I’m sure you’ve noticed a new craze in town – Mid-Century Modern love. Peruse any real estate listing site or blog, and you’re sure to see fans gushing over ranches of all sorts from the 1950’s to 1970’s. Almost hidden in Portland, Reedwood is a quiet little neighborhood full of Mid-Century Moderns. In fact, it is the perfect place to see all sorts of homes from the era.
As you enter the neighborhood, you can’t help but notice this beautiful home. Sitting on a curved street, typical of the era, the house sets the tone for the entire neighborhood. I asked my friend, Eric Wheeler of Positively Portland Walking Tours, to explain the home’s style.
Tri-Level Mid-Century Modern Love
Here’s the scoop from Eric:
This Tri-Level (1958) at 5205 SE 36th Avenue in Reedwood is a fine example of the “modern” residential style that the American public embraced in the 1950s. The rectangular horizontality of the house shape, cathedral ceiling, exposed beams, clerestory picture windows, brick half-wall and chimney, and prominent garage are all defining elements of this style.
This house was built as a model home for the newly developed Reedwood subdivision located just north of Reed College. Reedwood is one of the most close-in and intact Mid-Century Modern neighborhoods in Portland. One of the tell-tale aspects of this auto-centric inner SE Portland development is the lack of sidewalks!
A little history
A major shift in residential design style occurred in America in the years after World War II. One important factor in this shift was the demographic move away from high-density urban living to a low-density, automobile-dependent suburban lifestyle. Suburban developments tended to feature larger lots that made single-story, large footprint homes more feasible.
Ranch style is the most inclusive term for the form that typifies the “modern” or “contemporary” house of the post-war period. A term that is now widely used for this style of the mid-20th century period is “Mid-Century Modern” or “MCM.” This low-profile house, with large window openings and easy access to both an attached garage and the outside, evolved from several stylistic influences.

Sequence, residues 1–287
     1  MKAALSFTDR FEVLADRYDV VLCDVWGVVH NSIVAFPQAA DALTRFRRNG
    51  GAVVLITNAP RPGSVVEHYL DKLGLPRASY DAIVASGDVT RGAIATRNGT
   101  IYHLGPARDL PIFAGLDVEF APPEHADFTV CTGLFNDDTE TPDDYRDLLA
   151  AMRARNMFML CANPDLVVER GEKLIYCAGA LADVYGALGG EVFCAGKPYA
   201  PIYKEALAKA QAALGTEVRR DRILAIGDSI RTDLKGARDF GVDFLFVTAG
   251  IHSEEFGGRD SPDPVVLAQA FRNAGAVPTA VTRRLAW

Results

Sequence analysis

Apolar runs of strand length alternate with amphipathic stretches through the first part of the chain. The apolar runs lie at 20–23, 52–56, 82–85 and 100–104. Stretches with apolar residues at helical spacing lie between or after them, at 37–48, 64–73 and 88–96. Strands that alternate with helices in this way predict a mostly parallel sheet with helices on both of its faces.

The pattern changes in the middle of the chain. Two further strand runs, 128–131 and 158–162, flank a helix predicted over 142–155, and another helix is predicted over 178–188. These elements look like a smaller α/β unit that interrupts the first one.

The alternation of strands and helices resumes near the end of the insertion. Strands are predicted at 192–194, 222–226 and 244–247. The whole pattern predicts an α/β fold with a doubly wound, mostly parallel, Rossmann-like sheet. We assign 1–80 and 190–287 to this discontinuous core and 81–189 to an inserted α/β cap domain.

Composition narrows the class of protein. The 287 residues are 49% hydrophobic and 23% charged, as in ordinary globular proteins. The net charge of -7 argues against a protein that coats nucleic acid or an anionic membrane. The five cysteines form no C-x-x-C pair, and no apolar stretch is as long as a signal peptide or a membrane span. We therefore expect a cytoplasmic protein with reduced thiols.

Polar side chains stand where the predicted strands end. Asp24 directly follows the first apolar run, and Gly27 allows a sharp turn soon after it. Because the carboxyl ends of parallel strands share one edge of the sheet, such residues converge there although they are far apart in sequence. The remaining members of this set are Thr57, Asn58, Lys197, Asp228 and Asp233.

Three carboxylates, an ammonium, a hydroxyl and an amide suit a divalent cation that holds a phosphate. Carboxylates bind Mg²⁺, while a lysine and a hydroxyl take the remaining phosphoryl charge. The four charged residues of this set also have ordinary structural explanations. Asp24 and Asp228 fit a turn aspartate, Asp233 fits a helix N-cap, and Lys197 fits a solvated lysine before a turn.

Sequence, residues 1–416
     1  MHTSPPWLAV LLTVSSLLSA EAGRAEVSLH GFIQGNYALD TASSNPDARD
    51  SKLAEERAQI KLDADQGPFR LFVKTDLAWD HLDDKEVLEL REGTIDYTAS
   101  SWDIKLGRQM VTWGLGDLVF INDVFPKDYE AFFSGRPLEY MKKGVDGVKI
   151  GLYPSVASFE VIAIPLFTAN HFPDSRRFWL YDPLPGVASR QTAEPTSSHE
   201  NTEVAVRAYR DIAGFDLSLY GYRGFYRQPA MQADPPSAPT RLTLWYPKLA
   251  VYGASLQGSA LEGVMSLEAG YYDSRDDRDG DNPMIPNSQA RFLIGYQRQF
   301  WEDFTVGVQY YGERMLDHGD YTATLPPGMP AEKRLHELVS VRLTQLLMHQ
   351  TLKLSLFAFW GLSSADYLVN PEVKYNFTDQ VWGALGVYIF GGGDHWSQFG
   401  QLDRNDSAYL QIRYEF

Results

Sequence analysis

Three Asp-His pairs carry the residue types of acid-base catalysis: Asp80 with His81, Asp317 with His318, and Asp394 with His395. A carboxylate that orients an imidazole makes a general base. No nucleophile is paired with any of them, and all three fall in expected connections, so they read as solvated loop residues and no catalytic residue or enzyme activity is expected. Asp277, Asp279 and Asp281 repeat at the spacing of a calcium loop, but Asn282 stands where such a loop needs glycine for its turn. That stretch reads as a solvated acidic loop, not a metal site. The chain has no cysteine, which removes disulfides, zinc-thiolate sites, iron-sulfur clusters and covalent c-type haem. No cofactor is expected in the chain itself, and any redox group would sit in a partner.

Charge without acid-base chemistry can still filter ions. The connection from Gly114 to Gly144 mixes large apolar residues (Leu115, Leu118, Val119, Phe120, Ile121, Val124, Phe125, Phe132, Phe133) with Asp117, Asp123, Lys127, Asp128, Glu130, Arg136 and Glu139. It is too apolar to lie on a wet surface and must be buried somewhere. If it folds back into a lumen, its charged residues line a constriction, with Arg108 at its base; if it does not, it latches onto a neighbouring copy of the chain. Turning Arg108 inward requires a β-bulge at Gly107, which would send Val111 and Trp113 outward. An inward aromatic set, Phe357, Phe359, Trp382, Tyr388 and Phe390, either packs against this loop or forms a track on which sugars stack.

Ranch style is the most inclusive term for the form that typifies the “modern” or “contemporary” house of the post-war period.Eric Wheeler
The Prairie School and Frank Lloyd Wright’s Usonian design had a major impact on Ranch style designs. The minimalist aesthetic of the International style and the influence of the traditional working ranch home of the western US, are seen in many mid-20th century residential designs.
Special features found in Mid-Century Moderns
The Mid-Century Modern homes of the 1950s and 1960s featured elements rarely seen in houses before WW II. These features often included a walk-out basement with finish similar to the above grade living area. Family rooms, recreation rooms, and TV rooms became popular, sometimes replacing a formal dining room. Attached garages became a necessity, not a luxury, and many MCM homes had concrete patios or wood decks to the rear of the house instead of open or enclosed front porches.
You will see many variations of the popular Ranch Style House as you drive or bike around many outer Portland neighborhoods.
In fact, Eric and I have discovered another neighborhood full of Mid-Century Moderns in NE Portland.
Thanks Eric for sharing your expertise and your great photo.